By Uniting, Michigan's Hispanic Farmers Try To Find Their Voice
This week, we’ve been looking at the changing lives of Hispanic workers in Michigan’s fields. Many are leaving the fields entirely. But others are stepping into a new agricultural role: farm owner. From 2007 to 2012, the number of Hispanic farmers in Michigan has increased by nearly 10 percent. For years, they've faced discrimination and cultural barriers. But now, one man in Southwest Michigan is trying to bring them together.
Sifting through a row of blueberry plants, Arturo Pendoja talks about his journey from the fields of Mexico to his 45-acre farm in Decatur.
Pendoja says, in his twenties, he left Mexico and ended up in Chicago. Since then, he’s basically never stopped working.
"When I was in Chicago, I really worked 14 hours a day," he says. "When I ran the two stores and the restaurant. And a job in a company!"
Hundreds of other Hispanics have made the same journey to Michigan. And like so many, Pendoja got sick of the long days in the factories and stores. Land in Michigan was cheap. By the end of his time in Chicago, Pendoja had saved up about $100,000.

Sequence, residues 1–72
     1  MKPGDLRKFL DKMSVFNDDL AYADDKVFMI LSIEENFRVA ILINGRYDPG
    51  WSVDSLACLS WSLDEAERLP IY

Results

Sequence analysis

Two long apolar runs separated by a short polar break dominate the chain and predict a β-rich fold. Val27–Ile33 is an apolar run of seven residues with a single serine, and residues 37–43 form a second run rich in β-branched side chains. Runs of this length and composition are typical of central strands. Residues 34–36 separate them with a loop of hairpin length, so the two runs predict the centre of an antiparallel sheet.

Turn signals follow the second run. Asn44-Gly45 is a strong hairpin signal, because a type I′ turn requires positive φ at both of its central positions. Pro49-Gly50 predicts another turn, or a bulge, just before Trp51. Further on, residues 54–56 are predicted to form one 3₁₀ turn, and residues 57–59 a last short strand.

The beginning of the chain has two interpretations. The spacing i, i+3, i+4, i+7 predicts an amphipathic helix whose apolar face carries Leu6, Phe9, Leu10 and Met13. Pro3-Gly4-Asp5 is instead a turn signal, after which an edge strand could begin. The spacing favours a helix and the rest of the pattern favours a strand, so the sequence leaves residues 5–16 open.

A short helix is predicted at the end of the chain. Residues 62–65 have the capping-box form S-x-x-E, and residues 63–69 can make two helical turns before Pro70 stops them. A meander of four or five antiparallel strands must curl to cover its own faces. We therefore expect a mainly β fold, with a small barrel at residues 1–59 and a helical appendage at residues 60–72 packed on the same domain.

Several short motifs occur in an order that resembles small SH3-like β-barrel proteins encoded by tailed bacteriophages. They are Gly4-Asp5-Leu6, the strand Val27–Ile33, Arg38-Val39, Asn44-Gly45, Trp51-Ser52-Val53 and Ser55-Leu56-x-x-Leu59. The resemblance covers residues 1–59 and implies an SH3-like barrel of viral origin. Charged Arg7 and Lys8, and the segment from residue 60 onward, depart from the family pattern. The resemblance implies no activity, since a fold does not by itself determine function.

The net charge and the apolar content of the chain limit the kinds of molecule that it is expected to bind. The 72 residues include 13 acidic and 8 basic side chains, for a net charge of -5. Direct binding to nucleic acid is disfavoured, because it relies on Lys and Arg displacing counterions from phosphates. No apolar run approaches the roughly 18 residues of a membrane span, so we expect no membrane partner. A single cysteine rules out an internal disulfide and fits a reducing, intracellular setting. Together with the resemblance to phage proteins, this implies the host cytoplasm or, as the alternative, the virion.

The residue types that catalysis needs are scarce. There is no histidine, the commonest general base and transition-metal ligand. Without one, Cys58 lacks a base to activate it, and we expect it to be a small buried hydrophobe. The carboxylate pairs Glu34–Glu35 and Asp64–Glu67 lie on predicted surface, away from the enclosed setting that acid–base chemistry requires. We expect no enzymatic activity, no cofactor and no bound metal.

"It's how I make the money to buy the farms!" he says. "Because those farms, I buy cash. I don't got no banks in this."
When asked where he kept all of that cash, Pendoja laughs.
"Under my pillowcase! I never used no banks!" he laughs. "I wasn't worried about it. My wife would put it under the floor. And that's how we keep it. You know, banks, they use your money. They make money. And they're not even going to appreciate your business."
You can hear in Pendoja's voice how much he distrusts banks and loans. Michigan State University researcher Shakara Tyler says that’s for good reason.
"Well, many (Hispanic) farmers would say that when they would go to the USDA farm loan offices as children, with their family members, they would see the USDA agents throw the loan application in the trash without even looking at it," she says.